There’s a worrying tendency in the BBC’s reporting of Government and local council investment in faster rural broadband to so simplify the story that it borders on the misleading.
Both local and UK Government are bankrolling faster broadband in areas where the UK’s telecoms sector has decided it’s economically and commercially unviable to invest themselves – for example because the cost of the work could never be recouped from the relatively small population of some towns.
Because having fast broadband is increasingly important to residential and business users and the wider UK economy, the keepers of the public pursestrings decided to offset some of the associated costs and invited tenders from the commercial sector.
Although a number of companies expressed interest, all but BT eventually declined to bid.
Because BT is the only bidder for the various contracts, it’s unsurprisingly so far won them all – but you have to read all the way the bottom of the BBC’s latest story before you get any context for the firm’s success rate.
That’s more than a little naughty because it risks creating a perception in readers’ minds before explaining why this has happened.
And the naughtiness is repeated when BBC flag up the phrase “Quasi-monopoly” as a nice bold heading and repeat it a few lines below without explaining why there’s actually not a monopoly being built.
While it’s certainly true that the BT Group has won all the tenders to date, the part of the company doing the work isn’t the part you and I buy our phone, TV or broadband from – BT Retail. Or, if you’re a business, BT Business.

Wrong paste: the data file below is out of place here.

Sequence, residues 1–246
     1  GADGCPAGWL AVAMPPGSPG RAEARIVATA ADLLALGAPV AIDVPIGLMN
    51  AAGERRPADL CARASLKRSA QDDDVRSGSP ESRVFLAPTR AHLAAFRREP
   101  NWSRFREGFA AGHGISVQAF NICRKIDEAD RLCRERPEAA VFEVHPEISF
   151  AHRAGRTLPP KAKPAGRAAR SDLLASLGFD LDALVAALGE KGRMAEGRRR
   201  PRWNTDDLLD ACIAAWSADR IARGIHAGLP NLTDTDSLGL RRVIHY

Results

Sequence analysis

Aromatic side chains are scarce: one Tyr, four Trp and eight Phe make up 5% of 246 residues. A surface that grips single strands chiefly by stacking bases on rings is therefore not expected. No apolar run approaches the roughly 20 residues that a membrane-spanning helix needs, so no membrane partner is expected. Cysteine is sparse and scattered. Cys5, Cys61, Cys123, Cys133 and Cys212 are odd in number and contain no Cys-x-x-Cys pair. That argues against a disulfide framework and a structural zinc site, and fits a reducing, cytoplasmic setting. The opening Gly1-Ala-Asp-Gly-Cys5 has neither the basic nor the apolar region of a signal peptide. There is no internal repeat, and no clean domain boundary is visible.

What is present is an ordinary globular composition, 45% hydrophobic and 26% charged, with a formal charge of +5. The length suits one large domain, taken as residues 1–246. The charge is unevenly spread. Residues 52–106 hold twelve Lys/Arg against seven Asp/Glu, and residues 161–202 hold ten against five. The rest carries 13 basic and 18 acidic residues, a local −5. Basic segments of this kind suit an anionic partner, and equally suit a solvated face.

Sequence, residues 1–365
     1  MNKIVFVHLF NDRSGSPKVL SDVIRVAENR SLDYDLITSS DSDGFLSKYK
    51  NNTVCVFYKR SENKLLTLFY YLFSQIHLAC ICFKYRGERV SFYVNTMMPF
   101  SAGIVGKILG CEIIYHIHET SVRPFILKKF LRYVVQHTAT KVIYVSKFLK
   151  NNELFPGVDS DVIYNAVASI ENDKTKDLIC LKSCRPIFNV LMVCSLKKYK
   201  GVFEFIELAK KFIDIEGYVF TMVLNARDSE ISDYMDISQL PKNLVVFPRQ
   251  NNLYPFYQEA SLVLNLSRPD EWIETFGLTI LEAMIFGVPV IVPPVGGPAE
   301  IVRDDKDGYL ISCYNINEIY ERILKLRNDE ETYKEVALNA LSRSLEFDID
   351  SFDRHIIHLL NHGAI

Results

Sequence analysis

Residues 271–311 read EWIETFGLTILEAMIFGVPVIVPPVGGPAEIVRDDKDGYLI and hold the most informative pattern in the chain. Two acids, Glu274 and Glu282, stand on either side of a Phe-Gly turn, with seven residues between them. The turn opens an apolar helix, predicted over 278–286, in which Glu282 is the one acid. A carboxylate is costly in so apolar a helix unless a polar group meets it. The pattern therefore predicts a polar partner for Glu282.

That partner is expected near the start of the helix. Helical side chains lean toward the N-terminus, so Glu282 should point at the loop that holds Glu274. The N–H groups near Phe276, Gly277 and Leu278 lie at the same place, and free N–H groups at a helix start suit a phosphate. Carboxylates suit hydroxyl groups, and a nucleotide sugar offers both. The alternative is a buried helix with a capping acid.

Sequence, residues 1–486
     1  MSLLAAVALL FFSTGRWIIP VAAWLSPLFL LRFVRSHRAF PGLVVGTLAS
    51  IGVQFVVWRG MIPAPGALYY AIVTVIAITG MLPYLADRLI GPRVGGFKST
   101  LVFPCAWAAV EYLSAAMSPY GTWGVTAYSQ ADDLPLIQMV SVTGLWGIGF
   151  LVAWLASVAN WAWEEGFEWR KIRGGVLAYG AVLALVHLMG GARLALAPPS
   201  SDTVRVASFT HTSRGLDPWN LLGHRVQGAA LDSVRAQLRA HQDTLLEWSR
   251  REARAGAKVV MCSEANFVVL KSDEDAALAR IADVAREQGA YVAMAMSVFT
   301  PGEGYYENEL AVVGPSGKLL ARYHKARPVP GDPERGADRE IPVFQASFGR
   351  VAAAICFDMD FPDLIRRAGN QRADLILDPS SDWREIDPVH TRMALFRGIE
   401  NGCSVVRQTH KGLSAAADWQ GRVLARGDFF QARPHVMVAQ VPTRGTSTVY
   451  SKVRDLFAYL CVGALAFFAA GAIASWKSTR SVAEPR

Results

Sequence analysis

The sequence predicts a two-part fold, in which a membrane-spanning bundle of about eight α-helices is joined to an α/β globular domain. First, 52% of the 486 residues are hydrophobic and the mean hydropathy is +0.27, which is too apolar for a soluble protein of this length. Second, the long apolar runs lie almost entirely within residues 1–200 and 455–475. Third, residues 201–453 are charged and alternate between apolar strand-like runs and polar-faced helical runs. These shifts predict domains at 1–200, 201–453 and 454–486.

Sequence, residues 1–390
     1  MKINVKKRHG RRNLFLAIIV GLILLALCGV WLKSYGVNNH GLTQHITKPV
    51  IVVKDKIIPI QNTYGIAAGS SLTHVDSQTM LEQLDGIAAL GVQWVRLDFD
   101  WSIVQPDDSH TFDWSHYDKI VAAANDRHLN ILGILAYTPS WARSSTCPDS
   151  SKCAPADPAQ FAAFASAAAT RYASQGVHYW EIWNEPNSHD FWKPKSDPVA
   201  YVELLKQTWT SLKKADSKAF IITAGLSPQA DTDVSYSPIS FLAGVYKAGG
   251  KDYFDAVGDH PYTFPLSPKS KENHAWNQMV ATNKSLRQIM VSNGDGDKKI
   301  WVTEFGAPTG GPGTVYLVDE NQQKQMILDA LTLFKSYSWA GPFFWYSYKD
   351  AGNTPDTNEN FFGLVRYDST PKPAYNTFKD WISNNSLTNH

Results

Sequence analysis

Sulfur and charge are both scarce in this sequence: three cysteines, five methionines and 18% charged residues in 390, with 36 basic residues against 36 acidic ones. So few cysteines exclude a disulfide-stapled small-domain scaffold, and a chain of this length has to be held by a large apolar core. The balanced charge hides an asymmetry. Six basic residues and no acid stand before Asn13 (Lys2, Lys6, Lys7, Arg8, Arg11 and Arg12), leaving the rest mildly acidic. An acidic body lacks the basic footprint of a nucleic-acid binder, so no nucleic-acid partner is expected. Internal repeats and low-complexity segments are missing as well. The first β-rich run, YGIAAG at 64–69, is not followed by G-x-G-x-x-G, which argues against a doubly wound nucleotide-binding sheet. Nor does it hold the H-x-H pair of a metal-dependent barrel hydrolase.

Instead it’s being carried out by Openreach, the BT division which not only builds and maintains most of the UK’s copper and fibre telecoms network, but has to wholesale it to other phone and broadband providers.
Openreach sells network access to Sky, TalkTalk, Plusnet and EE (and many others) as well as to BT Retail and BT Business which are run within the BT Group as wholly separate companies from Openreach.
Because Openreach has to sell access to any ISP, residents in rural areas being served by the BDUK project will not be forced – as the “Quasi-monopoly” phrase might suggest – to use BT as their phone or broadband provider and will be able to sign-up with any company choosing to offer services in their area.
This is because the UK Government and regulatory system believes in inter-operability as a way of driving competition.
If Sky, TalkTalk, EE and BT all had to build their own networks we customers would end up paying a fortune every month as they sought to make back their costs.
As it happens, even if non-BT bidders won some contracts, they’d have to make their network available to other service providers and ensure it was compatible with all the number porting, service provider swapping rules we consumers take for granted.
This requirement was to ensure public money didn’t create lots of small regional monopolies and is rumoured to be why some companies declined to bid for the work.
But none this tends to be reflected in the BBC’s coverage of the BDUK project which repeatedly veers towards the simplistic ‘here’s an organisation/politician slagging off a big business, copy and paste what they have to say’ approach.
As the BBC’s so keen on questions about value for public cash, perhaps it ought to consider whether such a one dimensional approach to news is in Licence Fee payers’ interests.